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CAMP FOSTER, Okinawa — The major story for Okinawa in 2006 was the agreement signed May 1 by the United States and Japan to realign U.S. troops in Japan.

Signed after seven months of intense negotiations, the agreement calls for sweeping change in the posture of American troops on Okinawa. Marine Corps Air Station Futenma, located in the middle of densely populated Ginowan, is to be closed by 2014 and replaced with a new facility to be built on Camp Schwab and reclaimed land in Oura Bay, on Okinawa’s rural northeast coast.

Also, some 8,000 Marines and their families are to move to Guam, where headquarters for the III Marine Expeditionary Force will relocate. The two projects will enable the eventual closing of the Naha Military Port, Camp Kinser, Camp Lester and part of Camp Foster.

However, the Camp Schwab part of the plan ran into opposition by Okinawa lawmakers before the ink was dry.

Former Okinawa Gov. Keiichi Inamine opposed the new facility, claiming it would be too close to adjacent villages. And when he decided not to run for re-election in November, the new airport became a key campaign issue.

The election’s winner, Okinawa businessman and former vice governor Hirokazu Nakaima, said he did not approve of the plan to build two runways on Camp Schwab, but was willing to negotiate changes to the plan.

Early in December, the national government said it might be able to shorten the construction period by a few years, coming close to Nakaima’s call to close MCAS Futenma within three years.

Here’s a chronology of other key events from 2006:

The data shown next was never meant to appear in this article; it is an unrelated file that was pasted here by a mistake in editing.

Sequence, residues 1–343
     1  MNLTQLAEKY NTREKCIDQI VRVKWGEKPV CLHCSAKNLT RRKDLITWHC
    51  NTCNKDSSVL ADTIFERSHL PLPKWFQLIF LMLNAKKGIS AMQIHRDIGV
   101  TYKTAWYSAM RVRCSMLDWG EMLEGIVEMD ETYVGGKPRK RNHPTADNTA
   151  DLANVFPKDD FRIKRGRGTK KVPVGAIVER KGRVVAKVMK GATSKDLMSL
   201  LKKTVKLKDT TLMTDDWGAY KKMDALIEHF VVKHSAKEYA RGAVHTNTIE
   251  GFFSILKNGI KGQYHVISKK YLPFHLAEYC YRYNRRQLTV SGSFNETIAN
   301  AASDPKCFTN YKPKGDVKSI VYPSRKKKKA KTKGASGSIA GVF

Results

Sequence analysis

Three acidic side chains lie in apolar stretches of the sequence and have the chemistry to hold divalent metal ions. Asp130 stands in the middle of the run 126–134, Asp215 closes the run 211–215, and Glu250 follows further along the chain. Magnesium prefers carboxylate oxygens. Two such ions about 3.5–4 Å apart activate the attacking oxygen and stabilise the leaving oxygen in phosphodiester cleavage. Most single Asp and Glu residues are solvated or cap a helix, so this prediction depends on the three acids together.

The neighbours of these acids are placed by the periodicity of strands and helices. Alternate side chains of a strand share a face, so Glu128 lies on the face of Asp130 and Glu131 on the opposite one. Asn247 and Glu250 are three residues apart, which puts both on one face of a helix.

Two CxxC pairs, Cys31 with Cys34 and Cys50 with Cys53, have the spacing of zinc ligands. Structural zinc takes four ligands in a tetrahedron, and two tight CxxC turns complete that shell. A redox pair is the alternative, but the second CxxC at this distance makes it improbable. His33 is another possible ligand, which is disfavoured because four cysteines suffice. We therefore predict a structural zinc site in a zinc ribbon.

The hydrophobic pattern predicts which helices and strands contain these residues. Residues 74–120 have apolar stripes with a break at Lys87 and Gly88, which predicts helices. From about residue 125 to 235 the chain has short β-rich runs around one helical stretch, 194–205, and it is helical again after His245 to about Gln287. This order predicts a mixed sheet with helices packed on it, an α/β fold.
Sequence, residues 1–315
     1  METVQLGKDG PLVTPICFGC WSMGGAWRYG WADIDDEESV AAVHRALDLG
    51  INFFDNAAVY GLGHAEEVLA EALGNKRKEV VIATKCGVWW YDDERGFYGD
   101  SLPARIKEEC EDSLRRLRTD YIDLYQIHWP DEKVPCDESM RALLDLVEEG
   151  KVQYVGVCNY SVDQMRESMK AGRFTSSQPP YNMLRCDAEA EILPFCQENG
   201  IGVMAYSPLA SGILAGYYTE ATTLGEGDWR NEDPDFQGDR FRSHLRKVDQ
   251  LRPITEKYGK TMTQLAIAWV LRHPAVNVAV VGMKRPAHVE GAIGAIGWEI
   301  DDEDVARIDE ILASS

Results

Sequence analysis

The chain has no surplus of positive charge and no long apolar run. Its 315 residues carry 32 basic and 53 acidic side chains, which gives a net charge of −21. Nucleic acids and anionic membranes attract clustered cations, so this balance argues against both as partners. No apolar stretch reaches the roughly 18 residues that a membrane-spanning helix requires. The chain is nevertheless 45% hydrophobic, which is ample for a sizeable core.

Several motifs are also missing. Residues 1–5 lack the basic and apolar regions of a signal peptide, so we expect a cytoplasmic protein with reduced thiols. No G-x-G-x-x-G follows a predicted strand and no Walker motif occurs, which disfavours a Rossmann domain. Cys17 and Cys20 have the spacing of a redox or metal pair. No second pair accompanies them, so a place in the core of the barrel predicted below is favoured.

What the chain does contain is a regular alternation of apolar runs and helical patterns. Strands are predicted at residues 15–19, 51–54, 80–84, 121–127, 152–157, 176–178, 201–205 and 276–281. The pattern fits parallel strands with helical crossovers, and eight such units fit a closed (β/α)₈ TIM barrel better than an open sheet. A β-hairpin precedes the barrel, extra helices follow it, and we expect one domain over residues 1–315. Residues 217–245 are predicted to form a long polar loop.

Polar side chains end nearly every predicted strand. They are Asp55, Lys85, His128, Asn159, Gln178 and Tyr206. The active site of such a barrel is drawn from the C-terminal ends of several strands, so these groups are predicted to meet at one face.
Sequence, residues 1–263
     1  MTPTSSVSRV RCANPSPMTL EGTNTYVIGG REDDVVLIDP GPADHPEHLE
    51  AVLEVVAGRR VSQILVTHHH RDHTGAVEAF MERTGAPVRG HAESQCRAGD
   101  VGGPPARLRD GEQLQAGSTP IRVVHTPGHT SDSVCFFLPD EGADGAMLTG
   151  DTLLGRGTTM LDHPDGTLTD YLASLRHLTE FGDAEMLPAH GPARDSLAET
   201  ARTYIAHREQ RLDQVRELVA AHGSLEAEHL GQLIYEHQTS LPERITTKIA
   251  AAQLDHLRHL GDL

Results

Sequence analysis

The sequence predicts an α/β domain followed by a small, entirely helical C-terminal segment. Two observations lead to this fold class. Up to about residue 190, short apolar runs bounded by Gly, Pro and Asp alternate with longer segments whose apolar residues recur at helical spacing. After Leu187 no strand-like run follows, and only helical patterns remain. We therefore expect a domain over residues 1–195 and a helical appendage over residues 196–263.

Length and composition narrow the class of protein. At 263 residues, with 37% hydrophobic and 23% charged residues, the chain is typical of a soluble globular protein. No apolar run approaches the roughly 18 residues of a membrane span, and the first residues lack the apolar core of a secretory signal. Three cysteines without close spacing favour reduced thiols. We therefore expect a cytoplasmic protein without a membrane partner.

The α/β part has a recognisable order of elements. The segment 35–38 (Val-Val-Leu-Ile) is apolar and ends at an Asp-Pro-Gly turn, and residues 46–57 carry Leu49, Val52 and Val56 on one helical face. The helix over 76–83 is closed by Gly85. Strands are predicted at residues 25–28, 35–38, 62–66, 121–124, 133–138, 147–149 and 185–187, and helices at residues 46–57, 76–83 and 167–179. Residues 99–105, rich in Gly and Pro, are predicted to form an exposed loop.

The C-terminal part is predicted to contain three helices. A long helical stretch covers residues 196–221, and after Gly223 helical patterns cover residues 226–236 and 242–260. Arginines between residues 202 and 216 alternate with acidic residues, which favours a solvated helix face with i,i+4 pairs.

Jan. 7

A 61-year-old Okinawa cab driver is robbed at knifepoint on Camp Foster. It is the first of several such cabbie muggings committed by Americans.

While local police and the Naval Criminal Investigative Service investigate the crime, a 23-year-old recently discharged Marine, Errol Jackson, is arrested by Okinawa police on Jan. 12 for robbing a cab driver in Okinawa city.

Jackson is tried in a Japanese court and sentenced in April to two years and 10 months in prison.

In late January, two Marines, Lance Cpls. Henry D. Morgan, 20, and Reginald Lowery, 21, are arrested for the Camp Foster robbery. They also are tried in a Japanese court and sentenced in July to three years and two years and six months, respectively, at hard labor in a Japanese prison.

Feb. 20

More than 300 Marines with the 31st Marine Expeditionary Unit assist in the effort to rescue 250 students and teachers trapped inside an elementary school buried in a mudslide in the Philippines.

March 5

Thousands of Okinawans attend a rally in Ginowan protesting the plan to move Marine air operations to northeastern Okinawa. Media reports peg the crowd number at 35,000. U.S. officials say the number was exaggerated and less than 10,000 actually attended the rally.

March 20

Air Force Master Sgt. Ulysses Dotson of the 733rd Air Mobility Squadron, Kadena Air Base, is sentenced to two months’ confinement and a bad-conduct discharge in connection with a promotion test cheating scandal in Germany in 2004.

March 24

Dag Allen Thompson, 36, a salesman for Exchange New Car Sales on Kadena Air Base and a former Marine, is sentenced to nine years in prison for raping two Okinawa women. During the trial, which lasted more than a year, evidence showed his DNA matched the DNA in semen recovered at the rape scene of a 21-year-old Chatan woman in her home in August 2004 and the sexual attack of a 27-year-old Naha woman in June 1998. The Naha Branch of the Fukuoka High Court denied his appeal in July.

April 28

Tech. Sgt. Theodore Mirich, 39, a flight engineer with the 33rd Rescue Squadron on Kadena Air Base and a recipient of the Distinguished Flying Cross for heroism in combat in Afghanistan, is sentenced to five years in prison and a bad-conduct discharge after pleading guilty at a court-martial to three counts of child pornography and soliciting sex from a 13-year-old girl.